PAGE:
Enjoy a midwinter outdoor adventure at this large, rugged area in the Southwest Region.
Gear up this month, and head to Flag Spring CA in Barry and McDonald counties. This 4,036-acre area, named for the stream that flanks its west side, offers something for nearly every outdoor enthusiast. Wildlife photographers will appreciate the area’s wild, rugged beauty. Hikers, bikers and horseback riders will find nearly 12 miles of multi-use trails winding throughout the area. Firearms enthusiasts can target practice at the area’s unstaffed shooting range and new shotgun-shooting area. The area is also popular with hunters and trappers, and birders may see a few returning migrants by the end of February.
Primarily upland oak-and-hickory woodlands, Flag Spring CA is managed for wildlife habitat. Upcoming treatments, including prescribed fire, will focus on improving wild turkey brood-rearing habitat in an effort to bring the area’s turkey population up to par with that found in the rest of the state.
Most of the area’s 13 wildlife food plots and openings have a watering hole nearby. These breaks in the timber provide viewing opportunity for a variety of upland game.
Hunters can pursue deer, squirrel and turkey in season. Trappers with a special-use permit are welcome to take furbearers. Target practice or sight-in your firearm at the rifle range with 25-, 50- and 100-yard lanes. The new shotgun-shooting area at the end of the 1432 road gives you the chance to shoot some clay pigeons or sight-in your shotgun before turkey season. The area’s few primitive, ridge-top campsites are available for use year ’round, but note that they lack water and latrines.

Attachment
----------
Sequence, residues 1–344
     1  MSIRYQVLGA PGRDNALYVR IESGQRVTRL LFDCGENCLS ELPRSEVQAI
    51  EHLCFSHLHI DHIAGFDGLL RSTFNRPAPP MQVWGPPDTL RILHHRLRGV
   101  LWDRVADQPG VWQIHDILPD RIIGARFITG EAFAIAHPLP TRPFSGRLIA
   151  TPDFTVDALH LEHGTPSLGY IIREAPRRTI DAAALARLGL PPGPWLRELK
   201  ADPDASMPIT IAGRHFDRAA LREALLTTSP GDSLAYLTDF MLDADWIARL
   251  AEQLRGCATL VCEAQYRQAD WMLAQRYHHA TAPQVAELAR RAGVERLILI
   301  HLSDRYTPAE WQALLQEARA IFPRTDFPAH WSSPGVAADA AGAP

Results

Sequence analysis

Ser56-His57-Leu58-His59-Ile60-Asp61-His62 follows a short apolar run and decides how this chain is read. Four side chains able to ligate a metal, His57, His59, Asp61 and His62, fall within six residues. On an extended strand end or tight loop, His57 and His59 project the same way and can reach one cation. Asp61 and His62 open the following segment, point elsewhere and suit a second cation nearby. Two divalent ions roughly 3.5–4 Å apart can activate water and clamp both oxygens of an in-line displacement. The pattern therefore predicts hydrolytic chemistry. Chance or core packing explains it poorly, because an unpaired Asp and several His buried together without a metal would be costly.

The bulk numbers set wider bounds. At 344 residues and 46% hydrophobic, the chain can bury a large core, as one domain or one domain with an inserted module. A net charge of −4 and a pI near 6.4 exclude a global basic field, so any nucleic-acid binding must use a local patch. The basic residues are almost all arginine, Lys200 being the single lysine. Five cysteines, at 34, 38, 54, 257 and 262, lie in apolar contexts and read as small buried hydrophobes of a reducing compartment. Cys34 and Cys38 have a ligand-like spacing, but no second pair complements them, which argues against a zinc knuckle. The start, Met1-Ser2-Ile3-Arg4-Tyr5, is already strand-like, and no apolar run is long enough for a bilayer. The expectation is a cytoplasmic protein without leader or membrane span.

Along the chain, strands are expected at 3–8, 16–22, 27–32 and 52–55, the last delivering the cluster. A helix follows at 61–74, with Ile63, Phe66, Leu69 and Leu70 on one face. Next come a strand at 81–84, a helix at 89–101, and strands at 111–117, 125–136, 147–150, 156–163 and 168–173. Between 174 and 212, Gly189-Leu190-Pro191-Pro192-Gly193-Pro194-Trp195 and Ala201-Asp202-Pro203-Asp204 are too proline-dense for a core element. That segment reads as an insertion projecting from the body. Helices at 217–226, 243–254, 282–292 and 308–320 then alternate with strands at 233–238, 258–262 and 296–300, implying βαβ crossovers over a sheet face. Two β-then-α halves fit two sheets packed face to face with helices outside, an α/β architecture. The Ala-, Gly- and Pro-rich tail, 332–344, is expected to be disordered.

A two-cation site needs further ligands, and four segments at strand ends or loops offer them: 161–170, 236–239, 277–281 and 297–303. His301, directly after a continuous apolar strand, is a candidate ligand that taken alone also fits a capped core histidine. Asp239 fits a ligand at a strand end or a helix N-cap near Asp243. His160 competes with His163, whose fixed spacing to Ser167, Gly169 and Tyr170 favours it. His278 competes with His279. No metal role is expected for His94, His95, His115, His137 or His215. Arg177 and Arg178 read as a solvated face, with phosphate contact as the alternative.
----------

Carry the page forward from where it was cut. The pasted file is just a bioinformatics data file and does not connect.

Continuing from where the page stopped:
Springtime brings views of serviceberry, dogwood and redbud flowering to the area. As temperatures warm, a variety of birds come through, and some stay to nest for the season. Summer tanagers, red-eyed vireos, eastern wood peewees and ovenbirds are some species you might see here during spring and summer. Barred owls and various woodpeckers are also commonly sighted and heard on the area. You can find the complete list of the area’s bird species at the website listed below.
To get to Flag Spring CA, travel northwest of Washburn 1.75 miles on Route UU, then go west three miles on the first public gravel road. As always, visit the area’s website to catch the latest notices download the area map and brochure.
—Bonnie Chasteen, photo by David Stonner
Recreation opportunities: Bicycling, birding, camping, hiking, horseback riding, hunting and target practice
Unique features: This rugged yet beautiful upland area features oak/hickory woodlands and Flag Spring, which flows year ‘round.
Call 417-895-6880 or visit our online atlas.
Editor In Chief - Ara Clark
Managing Editor - Nichole LeClair Terrill
Art Director - Cliff White
Staff Writer - Bonnie Chasteen
Staff Writer - Jim Low
Photographer - Noppadol Paothong
Photographer - David Stonner
Designer - Stephanie Thurber
Artist - Mark Raithel
Circulation - Laura Scheuler